Ecological Pest Control

Successful ecological pest control needs to address the complex interactions between the pest and the abiotic and biotic environment of the ecosystem. For agroecosystems, interactions between pest species and the environment are further complicated by the diversity of cropping systems (i.e., monoculture vs. crop rotations) and surrounding habitats (e.g., pasture systems, forests, riparian areas, etc.) that influence effective pest management strategies. A further consideration in assessing problems and developing IPM programs is the scale of the area involved; for example, agroecosystems can be viewed at the level of an individual plant, a research plot, a field, multiple fields (whole farm), a watershed, or a basin. Local movement of pests may be less important at small (plot) scales but critically important in insect population dynamics at larger (watershed or basin) scales, especially when considering the surrounding habitat.

Agroecosystem bioenvironmental control seeks to achieve successful pest management through an understanding of the complexities of system interactions, followed by application of this understanding to efficiently achieve relative stability of pest populations below damaging levels without resorting to use of control techniques such as insecticide application. Current research suggests that pest outbreaks can be mitigated by utilizing the following agroe-cosystem cultural management techniques.

Crop rotations/practices. Using crop rotations, intercropping, or strip cropping in place of monoculture cropping systems to effectively control many soil-inhabiting insect pests is an important stratagem in mitigating pest infestation, as evidenced by higher numbers ofnatural insect enemies in the intercrop and/or reduced herbivore colonization and residence time in the intercrop. Further research is needed, however, to identify those crops and crop rotations that best minimize invasion by different insect pests.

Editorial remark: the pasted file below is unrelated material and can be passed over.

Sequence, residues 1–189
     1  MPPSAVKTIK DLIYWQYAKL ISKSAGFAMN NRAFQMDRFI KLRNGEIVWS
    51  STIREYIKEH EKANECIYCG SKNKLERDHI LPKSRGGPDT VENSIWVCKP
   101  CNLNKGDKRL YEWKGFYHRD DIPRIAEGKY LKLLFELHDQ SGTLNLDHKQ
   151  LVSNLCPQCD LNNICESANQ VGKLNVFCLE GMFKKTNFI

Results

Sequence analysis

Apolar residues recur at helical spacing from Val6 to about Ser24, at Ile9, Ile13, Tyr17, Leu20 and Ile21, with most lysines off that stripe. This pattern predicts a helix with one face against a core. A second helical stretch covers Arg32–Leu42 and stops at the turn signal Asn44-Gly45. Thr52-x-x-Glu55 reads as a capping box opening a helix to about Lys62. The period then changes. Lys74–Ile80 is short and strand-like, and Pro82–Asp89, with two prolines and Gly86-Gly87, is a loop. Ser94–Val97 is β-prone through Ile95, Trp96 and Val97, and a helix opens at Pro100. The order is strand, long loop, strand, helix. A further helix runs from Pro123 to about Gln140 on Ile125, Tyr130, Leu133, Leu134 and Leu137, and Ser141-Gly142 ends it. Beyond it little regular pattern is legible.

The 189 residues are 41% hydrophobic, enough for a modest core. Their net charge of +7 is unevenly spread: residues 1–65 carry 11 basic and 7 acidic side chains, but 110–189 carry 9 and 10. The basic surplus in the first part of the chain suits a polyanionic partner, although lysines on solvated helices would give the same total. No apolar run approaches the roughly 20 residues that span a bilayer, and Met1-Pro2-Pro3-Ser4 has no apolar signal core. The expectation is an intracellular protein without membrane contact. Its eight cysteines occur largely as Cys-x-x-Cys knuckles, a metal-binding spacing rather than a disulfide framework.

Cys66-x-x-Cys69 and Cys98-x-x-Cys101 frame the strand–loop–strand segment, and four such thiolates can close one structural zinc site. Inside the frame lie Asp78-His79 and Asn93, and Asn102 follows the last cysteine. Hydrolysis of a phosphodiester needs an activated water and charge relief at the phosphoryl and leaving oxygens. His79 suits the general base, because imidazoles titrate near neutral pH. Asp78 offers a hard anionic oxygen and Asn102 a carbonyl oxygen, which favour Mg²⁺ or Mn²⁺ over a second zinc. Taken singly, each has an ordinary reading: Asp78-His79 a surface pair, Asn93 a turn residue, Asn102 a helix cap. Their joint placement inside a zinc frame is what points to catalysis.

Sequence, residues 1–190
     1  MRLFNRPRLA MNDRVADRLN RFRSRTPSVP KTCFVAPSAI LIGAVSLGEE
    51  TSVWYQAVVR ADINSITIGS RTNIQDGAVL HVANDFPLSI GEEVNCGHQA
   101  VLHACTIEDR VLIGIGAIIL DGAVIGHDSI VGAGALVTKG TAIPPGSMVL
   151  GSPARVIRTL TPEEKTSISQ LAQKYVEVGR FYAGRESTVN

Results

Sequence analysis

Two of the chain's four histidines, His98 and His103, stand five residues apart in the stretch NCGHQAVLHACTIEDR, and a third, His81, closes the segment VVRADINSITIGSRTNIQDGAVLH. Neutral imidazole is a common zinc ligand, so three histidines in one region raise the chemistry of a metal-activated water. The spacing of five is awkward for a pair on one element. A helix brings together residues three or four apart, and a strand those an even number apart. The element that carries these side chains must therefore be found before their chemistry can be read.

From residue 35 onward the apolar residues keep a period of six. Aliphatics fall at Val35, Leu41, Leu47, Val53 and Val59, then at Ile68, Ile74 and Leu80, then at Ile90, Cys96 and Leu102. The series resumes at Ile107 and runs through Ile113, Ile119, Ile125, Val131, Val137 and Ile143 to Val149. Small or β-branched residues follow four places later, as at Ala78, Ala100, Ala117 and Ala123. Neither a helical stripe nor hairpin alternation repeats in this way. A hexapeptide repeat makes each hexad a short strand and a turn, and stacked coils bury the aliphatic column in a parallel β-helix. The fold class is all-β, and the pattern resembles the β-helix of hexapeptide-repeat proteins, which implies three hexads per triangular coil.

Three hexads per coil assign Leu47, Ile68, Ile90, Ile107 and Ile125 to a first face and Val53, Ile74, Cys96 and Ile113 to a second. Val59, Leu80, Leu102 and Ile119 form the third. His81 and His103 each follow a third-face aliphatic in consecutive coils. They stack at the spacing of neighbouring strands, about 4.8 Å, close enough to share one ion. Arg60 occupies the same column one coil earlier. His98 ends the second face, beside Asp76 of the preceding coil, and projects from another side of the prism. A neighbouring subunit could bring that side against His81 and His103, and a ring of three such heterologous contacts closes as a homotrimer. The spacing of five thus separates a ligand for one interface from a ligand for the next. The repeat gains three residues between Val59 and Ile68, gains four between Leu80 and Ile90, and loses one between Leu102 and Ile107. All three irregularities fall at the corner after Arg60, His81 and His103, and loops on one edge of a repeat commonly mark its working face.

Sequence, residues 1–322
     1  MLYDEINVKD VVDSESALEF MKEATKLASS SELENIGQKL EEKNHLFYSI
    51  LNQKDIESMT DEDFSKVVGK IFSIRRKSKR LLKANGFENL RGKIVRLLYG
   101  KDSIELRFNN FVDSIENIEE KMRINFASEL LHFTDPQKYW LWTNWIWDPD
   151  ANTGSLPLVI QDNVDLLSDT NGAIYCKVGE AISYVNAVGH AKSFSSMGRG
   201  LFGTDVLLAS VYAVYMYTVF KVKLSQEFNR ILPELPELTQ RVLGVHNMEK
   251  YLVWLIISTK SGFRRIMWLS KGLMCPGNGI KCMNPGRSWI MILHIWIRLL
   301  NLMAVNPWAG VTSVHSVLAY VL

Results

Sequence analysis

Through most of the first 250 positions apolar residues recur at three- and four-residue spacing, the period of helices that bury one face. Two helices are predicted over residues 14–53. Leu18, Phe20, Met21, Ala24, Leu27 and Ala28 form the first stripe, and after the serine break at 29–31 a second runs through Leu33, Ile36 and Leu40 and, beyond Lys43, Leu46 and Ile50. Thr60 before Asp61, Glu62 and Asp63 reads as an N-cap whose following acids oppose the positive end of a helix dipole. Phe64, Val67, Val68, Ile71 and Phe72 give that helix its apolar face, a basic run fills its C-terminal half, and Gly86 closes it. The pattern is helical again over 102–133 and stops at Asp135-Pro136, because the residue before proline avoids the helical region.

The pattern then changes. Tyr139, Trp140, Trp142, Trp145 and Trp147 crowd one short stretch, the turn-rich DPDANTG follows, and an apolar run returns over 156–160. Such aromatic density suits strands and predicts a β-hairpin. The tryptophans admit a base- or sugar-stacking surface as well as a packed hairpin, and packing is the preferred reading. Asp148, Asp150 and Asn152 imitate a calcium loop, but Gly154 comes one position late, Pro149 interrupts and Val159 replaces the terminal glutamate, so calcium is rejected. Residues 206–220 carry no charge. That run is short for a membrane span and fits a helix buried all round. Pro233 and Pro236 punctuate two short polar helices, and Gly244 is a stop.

Tillage systems and management timing. Tillage system type can distinctly influence the soil environment and thus affect insect survival. For example, reduced tillage systems have been shown to increase the population growth of various predatory insects and mites in the soil due to higher crop residue levels. Pest management studies on no-till fields appear to be more variable, that is, no-till fields may be at higher risk than conventionally or reduced tilled fields for some pest insects and at lower risk for others depending on the environmental conditions (particularly precipitation and temperature). Studies have also shown many pest insect attacks on crops can often be minimized by careful studies of their life cycles and changes in the timing of management operations (e.g., planting, tillage, harvesting), thus disrupting the pest-crop interaction and thereby reducing pest attacks and avoiding seasonal carryover of pests from crop to crop. Many experimental studies have produced site-specific conclusions about the mechanisms by which tillage practices and the timing of tillage practices affect insect pest infestations; however, there appears to be limited potential for extrapolating these experimental results to other locations or cropping systems until the actual processes involved undergo further evaluation.